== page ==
Why is trust such an important issue? How can it be gained?
As an employee, you essentially work for both your leader/manager and the company. Great companies perform better than others because of chemistry. There’s a certain pull that exists within the walls and among the employees, teams, and leadership groups at “great” companies.
Trust is the secret ingredient to the magic elixir that makes a company’s culture great. It allows for growth and development to flourish. Without trust, people won’t try new things or think outside the box.
Trust can be gained a variety of ways. Some basics are always important –
- investing time and your creative energy into the relationshi
- taking a long view with respect to outcomes
For example, don’t break or reschedule your meetings with team members. Open yourself up a little about your passions and life outside of work. Do a grown-up version of show-and-tell day and bring something personal into work to show your team. It’s as easy as a recipe or dish you made, a model you built, pictures you’ve taken, etc..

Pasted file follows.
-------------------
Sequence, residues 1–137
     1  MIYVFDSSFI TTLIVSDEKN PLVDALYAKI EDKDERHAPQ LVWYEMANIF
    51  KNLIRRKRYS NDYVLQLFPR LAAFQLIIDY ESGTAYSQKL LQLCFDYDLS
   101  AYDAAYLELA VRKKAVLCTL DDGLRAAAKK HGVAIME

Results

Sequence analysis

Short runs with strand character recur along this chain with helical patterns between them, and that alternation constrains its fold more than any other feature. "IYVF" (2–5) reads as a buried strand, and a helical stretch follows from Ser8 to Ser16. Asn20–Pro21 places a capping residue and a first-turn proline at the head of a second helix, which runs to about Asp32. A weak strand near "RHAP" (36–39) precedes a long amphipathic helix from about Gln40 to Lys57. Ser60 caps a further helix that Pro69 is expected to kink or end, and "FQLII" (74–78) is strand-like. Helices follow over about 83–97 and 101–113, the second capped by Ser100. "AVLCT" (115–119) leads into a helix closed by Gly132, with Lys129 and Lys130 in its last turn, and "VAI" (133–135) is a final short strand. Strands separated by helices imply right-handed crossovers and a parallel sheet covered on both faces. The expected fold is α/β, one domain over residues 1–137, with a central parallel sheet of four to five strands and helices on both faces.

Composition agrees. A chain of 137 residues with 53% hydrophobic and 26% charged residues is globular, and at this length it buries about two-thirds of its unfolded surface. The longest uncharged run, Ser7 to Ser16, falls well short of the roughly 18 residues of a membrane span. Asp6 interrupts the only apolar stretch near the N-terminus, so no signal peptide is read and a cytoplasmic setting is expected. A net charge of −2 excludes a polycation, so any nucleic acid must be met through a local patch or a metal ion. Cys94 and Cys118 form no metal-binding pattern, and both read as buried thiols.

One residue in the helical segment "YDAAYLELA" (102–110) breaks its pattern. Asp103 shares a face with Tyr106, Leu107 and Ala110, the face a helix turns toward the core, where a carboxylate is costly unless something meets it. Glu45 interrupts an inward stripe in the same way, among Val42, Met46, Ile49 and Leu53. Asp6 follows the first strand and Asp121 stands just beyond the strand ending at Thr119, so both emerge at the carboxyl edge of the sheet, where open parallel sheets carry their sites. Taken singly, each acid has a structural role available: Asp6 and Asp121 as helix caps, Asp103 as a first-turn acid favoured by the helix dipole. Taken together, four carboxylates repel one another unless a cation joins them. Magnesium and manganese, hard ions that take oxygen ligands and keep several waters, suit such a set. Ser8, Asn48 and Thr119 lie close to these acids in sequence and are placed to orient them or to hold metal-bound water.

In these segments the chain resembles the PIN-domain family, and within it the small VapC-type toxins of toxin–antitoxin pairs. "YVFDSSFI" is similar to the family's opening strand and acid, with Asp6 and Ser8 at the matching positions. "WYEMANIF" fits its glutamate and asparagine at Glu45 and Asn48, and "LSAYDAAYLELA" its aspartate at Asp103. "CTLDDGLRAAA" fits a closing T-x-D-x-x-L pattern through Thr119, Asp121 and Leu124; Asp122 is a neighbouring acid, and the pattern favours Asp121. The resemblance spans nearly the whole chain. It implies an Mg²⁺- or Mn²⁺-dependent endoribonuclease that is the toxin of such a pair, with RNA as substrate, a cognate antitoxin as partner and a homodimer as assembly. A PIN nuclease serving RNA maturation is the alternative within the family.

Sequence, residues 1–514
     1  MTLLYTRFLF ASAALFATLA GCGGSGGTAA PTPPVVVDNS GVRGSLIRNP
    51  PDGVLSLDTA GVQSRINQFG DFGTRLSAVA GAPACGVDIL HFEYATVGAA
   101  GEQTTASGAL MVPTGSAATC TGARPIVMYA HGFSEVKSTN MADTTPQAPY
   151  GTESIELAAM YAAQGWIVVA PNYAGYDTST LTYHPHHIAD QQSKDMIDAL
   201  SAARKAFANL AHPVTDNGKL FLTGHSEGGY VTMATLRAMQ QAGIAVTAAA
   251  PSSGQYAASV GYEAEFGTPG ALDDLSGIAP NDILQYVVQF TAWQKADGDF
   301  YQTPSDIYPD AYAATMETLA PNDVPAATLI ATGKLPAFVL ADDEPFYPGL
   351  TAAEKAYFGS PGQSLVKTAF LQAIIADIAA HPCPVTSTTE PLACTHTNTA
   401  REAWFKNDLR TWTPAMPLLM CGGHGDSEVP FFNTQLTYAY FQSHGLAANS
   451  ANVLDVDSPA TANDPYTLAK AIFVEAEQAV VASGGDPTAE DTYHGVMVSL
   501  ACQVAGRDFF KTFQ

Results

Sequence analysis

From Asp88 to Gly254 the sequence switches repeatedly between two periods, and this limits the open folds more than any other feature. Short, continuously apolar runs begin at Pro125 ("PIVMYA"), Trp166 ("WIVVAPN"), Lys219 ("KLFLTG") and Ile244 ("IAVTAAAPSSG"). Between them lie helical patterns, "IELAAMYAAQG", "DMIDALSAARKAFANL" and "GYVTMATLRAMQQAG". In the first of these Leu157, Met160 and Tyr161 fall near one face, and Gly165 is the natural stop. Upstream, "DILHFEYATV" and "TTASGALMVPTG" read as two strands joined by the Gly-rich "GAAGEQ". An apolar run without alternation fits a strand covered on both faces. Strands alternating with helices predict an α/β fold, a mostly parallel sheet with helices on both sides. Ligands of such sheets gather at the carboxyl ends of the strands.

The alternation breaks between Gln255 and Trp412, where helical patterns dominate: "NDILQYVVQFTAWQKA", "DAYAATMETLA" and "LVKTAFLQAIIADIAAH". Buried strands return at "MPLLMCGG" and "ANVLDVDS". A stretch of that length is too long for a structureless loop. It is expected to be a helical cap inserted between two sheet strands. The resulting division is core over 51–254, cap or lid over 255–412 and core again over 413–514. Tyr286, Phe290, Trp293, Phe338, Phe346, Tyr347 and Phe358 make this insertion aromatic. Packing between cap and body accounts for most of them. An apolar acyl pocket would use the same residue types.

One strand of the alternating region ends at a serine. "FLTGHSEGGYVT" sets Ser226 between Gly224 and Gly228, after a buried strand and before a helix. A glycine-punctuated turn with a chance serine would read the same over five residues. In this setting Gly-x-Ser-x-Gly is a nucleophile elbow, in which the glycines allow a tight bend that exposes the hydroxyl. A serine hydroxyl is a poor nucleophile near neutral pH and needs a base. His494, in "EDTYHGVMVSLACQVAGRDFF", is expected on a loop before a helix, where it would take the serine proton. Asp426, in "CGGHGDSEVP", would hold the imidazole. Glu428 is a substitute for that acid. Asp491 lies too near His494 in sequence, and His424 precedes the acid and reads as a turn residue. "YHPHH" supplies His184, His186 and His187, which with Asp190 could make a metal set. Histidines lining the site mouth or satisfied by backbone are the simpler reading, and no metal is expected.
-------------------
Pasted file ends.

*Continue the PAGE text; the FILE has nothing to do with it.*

What roles do transparency and honest feedback play in establishing trust?
When we’re not sure what is going on in a particular situation and nobody seems to be leveling with you or telling you the truth, that’s rough. Visibility and feedback are necessary for us to see what’s in front of us and then when we move forward for the first time (or any time), we need to know if it’s still the right direction. Letting someone walk too far when you see them going in the wrong direction is disingenuous. Or worse, letting them continue to walk and telling them to keep going (a more actively unkind thing to do).
If a leader loses the trust of an employee or team, what are some steps to regaining it
If you know what you did to lose or break trust, acknowledge it immediately. Express what you see as the impact and apologize for it and let the employee or team know your plan to resolve it. Shining a fair and appropriate light on it shows your own vulnerability and authentic care for the individual or team. If you don’t know exactly how you broke trust, acknowledge your concern and listen for what the issue was. Then acknowledge those things immediately (own them appropriately), express what you see as the impact and apologize for it and let the employee or team know your plan to resolve it.
Eli Howayeck (MBA, Kellogg School of Management), Founder and CEO of Crafted Career Concepts, is passionate about helping motivated people achieve their career, educational, or personal goals and helping businesses, large and small, overcome a variety of challenges facing their business.